So right now you might be asking, “but Coach, don’t I have to rest my muscles?” Sure, you have to rest your muscles, just like you rest your fingers from dribbling or your wrists from shooting. You get rest at home doing homework, or you’ll get rest while sitting in the classroom. Trust me, the world’s best don’t lift on Monday and then do nothing (that’s the rest you are referring to correct?) until Wednesday when their next lift is scheduled.

And now you might be asking, “but Coach, I go really hard when I lift and am really sore and tired afterwards. How can I go hard again the very next day, day after day?” And there in lies the problem. You think you have to go all out in a weight room, slugging around big 45 pound plates, grunting out extra reps under the barbell, and leaving with your shirt a soggy mess. That is not the type of day-in, day-out training the world’s best do. They’re human too, and training like that all the time would eventually break them.
NBA Guard Mo Williams working out on-court. (Photo Credit: Adventure Sports Weekly)
The world's best focus on quality training, often on-court speed and strength training, that challenges them and can be done often. (They also get after it in the weight room, but that is not the only thing they are doing to get stronger and more powerful). The world's best know that strength and speed training is like any physical skill, if you don’t do it enough you don’t get better.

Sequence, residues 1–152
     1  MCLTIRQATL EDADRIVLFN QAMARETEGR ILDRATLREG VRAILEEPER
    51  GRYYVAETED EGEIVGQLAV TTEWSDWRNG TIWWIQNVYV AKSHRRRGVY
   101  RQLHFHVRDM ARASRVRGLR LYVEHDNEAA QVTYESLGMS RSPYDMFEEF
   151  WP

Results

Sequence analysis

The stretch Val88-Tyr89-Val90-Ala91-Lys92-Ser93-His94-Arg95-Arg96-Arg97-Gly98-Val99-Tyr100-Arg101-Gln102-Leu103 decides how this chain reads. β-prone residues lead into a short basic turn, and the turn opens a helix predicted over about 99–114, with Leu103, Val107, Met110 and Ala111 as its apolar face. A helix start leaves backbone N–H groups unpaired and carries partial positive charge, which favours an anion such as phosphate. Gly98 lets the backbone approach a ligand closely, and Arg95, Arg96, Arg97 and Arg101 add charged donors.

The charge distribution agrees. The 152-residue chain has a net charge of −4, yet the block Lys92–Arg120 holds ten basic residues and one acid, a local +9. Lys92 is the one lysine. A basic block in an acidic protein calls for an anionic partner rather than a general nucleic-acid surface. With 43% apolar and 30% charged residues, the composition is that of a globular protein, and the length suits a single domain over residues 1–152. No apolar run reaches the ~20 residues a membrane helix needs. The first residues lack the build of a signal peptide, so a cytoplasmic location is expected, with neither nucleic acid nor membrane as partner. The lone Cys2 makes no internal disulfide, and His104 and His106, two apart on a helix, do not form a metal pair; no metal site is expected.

It is similar to only practicing dribbling with your weak hand once a week. Are you really going to see improvement? Training any physical skill is like brushing your teeth. You could have the best brushing, flossing, mouth-washing session ever, leaving your teeth smooth, pearly whites, but how are your teeth going to look and feel after three days? Just like your teeth require daily effort, so does your speed, strength, shooting, dribbling…any physical skill quickly deteriorates without regular maintenance. 
Speed training on-court (acceleration/linear). (Photo Credit: Boston Magazine)
Athletes at PGC’s Athlete Performance College learn how to create speed and strength workouts that only require their basketball. These workouts allow them to be able to train their speed and strength every time they step out onto the court. That way they won’t show up next year looking the same as last year.

Next post I will share some examples of how you can create an on-court speed, strength and power workout.

Keep Training! 
Coach Amanda Kephart